It has often been advocated that the body in the tomb in Les Invalides is that of an impostor, and not the great Napoleon Bonaparte. Despite persistent theories and rumours to this effect, the French government refuses to allow DNA tests to be performed on the body. The use of doubles by prominent public figures is not a new concept. Three of four Napoleon doubles can be accounted for: One died of a bullet wound, one was poisoned, and another was crippled after falling off his horse. The fourth one may have been one Francois Eugene Robeaud, whose death is recorded as “Born in this village, died on St Helena…” The date has been deleted. After Napoleon’s defeat at Waterloo, Robeaud’s role as doppelganger became redundant and he retired to Baleycourt in the Meuse. Here he lived with his sister and whiled away his time with rabbit-farming. In the summer of 1818 an elegant carriage entered the village and its mysterious occupant enquired after Robeaud, who later stated that the visitor wanted to buy rabbits. Shortly afterwards Robeaud and his sister disappear from the village overnight. The police trace his sister to Nantes, where she is living a comfortable life. Her brother, she says, has become a sailor and is away on a long trip. Later that year Fanny Dillon Bertrand, wife of a senior member of Napoleon’s household on St Helena, writes in a letter to a friend: “Success is ours! Napoleon has left the island.” On St. Helena, the man believed to be Napoleon becomes increasingly eccentric. He is reclusive and hides from the British officers. The British Prime Minister, Lord Liverpool, is astonished to be received by Napoleon in a dark room, lying in bed and appearing to be unkempt and dishevelled. Even more disconcerting is his new interest in farming. He buys lambs and fancies himself becoming a shepherd. Napoleon’s health starts to decline. However, his mother and other relatives do not appear to be perturbed. His uncle, Cardinal Joseph Fesch, even states in a letter that they have valid proof that he is no longer on the island, although they have no knowledge of his exact whereabouts. Napoleon dies on 3 May 1821. An autopsy is held on 6 May and the cause of death is stated to be “a condition leading to cancer.” The “other condition” has by posterity been widely debated as being generous doses of arsenic over a period of time. Whether it was Napoleon or a double who died, albeit from cancer or by poison, is still open to conjecture. Another possible “double’ appears on the scene.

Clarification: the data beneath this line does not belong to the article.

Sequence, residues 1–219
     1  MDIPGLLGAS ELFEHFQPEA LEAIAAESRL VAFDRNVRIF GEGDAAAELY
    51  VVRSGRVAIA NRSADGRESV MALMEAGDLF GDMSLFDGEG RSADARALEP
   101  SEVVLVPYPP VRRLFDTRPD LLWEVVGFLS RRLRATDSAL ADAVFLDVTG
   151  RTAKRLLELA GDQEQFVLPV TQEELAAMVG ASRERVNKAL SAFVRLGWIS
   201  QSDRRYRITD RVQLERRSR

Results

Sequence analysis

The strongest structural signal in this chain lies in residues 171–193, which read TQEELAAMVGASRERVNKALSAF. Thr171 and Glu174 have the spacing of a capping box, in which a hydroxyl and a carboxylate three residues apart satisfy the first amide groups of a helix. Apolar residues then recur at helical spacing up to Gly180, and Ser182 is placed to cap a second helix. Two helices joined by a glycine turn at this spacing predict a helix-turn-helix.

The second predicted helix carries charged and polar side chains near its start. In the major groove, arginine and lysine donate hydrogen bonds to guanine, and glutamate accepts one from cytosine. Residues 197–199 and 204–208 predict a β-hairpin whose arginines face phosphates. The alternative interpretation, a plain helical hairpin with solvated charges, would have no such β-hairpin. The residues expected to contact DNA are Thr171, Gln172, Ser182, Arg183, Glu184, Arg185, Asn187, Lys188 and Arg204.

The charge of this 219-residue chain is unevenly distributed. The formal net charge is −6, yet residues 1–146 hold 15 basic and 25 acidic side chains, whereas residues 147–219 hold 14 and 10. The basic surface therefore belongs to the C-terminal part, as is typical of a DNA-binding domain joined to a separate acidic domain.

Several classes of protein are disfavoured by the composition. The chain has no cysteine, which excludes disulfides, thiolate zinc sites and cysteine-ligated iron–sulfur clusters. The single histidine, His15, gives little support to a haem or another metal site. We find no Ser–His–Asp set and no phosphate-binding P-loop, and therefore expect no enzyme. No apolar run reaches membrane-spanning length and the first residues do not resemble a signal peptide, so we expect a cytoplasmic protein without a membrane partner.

In February of that same year Napoleon’s major domo, Francheschi Cipriani, died suddenly following severe stomach pains. When the grave was opened for a post mortem to be conducted on the body, it was found to be empty. Is this the person lying in Les Invalides? Back to 1818. Shortly after Fanny Bertrand’s letter enthusing about Napoleon’s escape, a Signor Revard disembarks from a ship in Verona. He speaks fluent Italian and holds such a canny resemblance to Napoleon that he is soon given this nickname by the locals. Apparently a wealthy man, he becomes a partner in a diamond concern with a certain Petrucci. On 23 August 1823 Revard receives a letter which causes him great agitation and he immediately departs for an unknown destination. He leaves a letter addressed to “His Highness the King of France” with his partner, to be delivered should he not return within three months. In Schönbrunn Castle, Vienna, Napoleon’s son lies seriously ill. During the night of 4 September, an intruder trying to scale the castle wall is shot and killed. A message is sent to the French embassy, who then claims the body, but Marie Louise, Napoleon’s former wife and mother of his son, refuses. The mysterious intruder is buried in an unmarked grave at Schönbrunn. Revard never returns to Verona. His letter is delivered and Petrucci receives a handsome reward. 30 years later he makes a sworn statement that Revard was in actual fact Napoleon. Subsequent theories are that this revelation by Petrucci is a blatant untruth, or that it was Robeaud who was killed at Schönbrunn, endeavouring to deliver a message from Napoleon to his ill son. This does not explain the entry of Robeaud’s death in the register on St Helena. In 1948 a woman contacted Alexander Gorbovsky, the Russian historian who has made a painstaking study of all of the above. She claimed that she had been told by her grandfather that the person in the tomb at Les Invalides was her own great-grandfather. The woman’s maiden name was Jeanette Robeaud.